1. What are the site-specific general and significant energy uses?
    Significant energy uses such as HVACs, gas-based heaters/boilers, lighting, heavy equipment/machinery, production plants/lines are key points that need close monitoring and control for effective energy management.
  2. What factors drive or influence energy use?
    Energy consumption tends to vary based on several factors such as floor area or expanse of the site, occupancy or use of site, the number of machines or production units in a manufacturing facility, external weather conditions, etc.
  3. How much energy does each of factors demand?
    Is it possible to control them? If at all, then how?
    Is it possible/necessary to meter energy consumption?
    Meters for lighting (kWhs), gas consumption (MMBtu), production lines and HVAC use (MWhs) are available to individually measure each SEU.
  4. What performance indicators to monitor to track each SEU?
    Energy used or energy costs per unit of production is widely used in manufacturing facilities.
    Energy used for lighting per unit of occupancy.
    Total energy consumption for floor area.
    HVAC energy/degree days (based on external weather conditions).
  5. Are there any guidelines or recommended best practices for energy management?How are others with similar site size and function implementing energy management?
    Which other locations can serve as benchmarks?
    How has internal energy performance improved over time? What is the internal baseline against which current performance should be compared?

Answers to these and other relevant site-specific queries automatically will pave the way for clear, achievable, and realistic energy efficiency goals to work towards.

Technological advancements now facilitate data-driven decisions, making it easier for decision makers to base their actions on real-time data readily available via the cloud. With energy management goals, KPIs and benchmarks in place, it is possible to map hardware units to automated systems and enterprise software and suitably use the metering infrastructure and sensors to gather and analyse energy data, monitor and control consumption, identify and minimise waste and improve the energy efficiency of a specific site/location. Guided by the ISO 50001 framework, companies will be able to address their specific energy concerns in an effective manner.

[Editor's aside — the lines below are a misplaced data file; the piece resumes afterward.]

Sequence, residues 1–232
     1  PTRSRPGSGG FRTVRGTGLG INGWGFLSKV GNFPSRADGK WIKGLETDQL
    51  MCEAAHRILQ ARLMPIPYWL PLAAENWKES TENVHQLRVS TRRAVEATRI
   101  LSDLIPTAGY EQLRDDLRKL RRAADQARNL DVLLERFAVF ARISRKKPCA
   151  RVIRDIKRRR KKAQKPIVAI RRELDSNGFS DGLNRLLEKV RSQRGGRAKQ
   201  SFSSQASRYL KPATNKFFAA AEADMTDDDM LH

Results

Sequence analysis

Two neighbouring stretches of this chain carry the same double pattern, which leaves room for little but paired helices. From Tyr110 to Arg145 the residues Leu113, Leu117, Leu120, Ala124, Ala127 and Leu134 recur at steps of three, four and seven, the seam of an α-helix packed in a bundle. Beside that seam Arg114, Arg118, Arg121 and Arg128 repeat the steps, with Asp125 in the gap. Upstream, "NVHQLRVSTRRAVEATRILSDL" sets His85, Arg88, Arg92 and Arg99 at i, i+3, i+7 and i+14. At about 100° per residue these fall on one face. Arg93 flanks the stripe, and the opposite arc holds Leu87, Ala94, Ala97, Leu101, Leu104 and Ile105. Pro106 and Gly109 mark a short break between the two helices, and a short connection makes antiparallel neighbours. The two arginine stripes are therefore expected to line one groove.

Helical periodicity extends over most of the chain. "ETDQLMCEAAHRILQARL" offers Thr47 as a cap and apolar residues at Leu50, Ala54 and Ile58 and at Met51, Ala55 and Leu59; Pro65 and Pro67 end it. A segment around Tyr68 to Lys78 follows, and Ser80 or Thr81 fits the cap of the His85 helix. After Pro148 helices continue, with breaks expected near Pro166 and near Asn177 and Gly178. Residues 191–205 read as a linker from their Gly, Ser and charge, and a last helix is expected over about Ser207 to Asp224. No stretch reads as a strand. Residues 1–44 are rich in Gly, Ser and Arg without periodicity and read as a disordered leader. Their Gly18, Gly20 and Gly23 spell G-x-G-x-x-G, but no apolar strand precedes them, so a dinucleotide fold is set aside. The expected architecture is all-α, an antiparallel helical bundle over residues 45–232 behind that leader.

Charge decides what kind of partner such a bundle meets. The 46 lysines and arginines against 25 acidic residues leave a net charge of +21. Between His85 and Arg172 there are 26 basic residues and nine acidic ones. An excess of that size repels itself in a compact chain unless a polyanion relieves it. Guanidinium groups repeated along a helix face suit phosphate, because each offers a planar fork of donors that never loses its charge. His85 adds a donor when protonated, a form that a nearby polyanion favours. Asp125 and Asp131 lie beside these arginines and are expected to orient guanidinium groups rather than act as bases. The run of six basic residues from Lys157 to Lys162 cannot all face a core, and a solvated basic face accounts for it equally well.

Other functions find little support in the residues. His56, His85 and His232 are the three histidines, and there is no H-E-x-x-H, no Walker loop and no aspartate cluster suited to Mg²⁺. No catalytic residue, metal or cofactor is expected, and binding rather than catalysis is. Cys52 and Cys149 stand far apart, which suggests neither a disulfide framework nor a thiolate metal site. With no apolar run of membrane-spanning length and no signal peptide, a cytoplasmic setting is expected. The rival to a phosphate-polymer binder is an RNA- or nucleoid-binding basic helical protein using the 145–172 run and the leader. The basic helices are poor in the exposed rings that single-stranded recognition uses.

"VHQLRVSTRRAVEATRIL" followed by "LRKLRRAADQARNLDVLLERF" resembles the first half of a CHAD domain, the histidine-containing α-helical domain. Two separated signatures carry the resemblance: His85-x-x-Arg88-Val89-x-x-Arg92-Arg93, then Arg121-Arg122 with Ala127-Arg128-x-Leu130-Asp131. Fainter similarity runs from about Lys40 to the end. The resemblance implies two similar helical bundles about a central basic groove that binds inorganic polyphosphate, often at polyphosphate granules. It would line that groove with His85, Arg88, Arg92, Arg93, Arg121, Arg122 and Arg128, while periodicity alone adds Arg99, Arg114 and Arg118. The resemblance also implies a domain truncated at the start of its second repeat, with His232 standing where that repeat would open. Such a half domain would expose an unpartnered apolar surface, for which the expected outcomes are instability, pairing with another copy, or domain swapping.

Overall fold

For further information contact us on 057 866 2162 or email us here.

Power Quality Measurements during Data Centre Commissioning

Power Quality Measurements

In recent years, there has been an explosion in data centre development in Ireland.

Leading the way was Microsoft, which developed a vast data centre at Grange Castle near Clondalkin in 2009.Now nearly all of the big technology companies such as Amazon and Google have a data centre footprint here.

There are plans for more Data Centres such as the giant €850 million data centre Apple is planning in Athenry, Co Galway.

Electricity or power is now one of the key considerations in selecting an appropriate site and in the on-going management of a Data Centre. Electricity or power is one the main costs involved in operating a Data Centre and facility managers use experts such as Powerpoint Engineering to ensure that there are no power quality issues at their Data Centre.

So what are the key ingredients in providing this specialised service?

  • Experienced & qualified personnel competent in Power Quality Measurement Techniques
  • Use of suitable and compliant equipment (eg. IEC 61000-4-30, Class A);
  • Measurement according to standards (eg. EN50160-2010 or client specified detailed measurement requirements)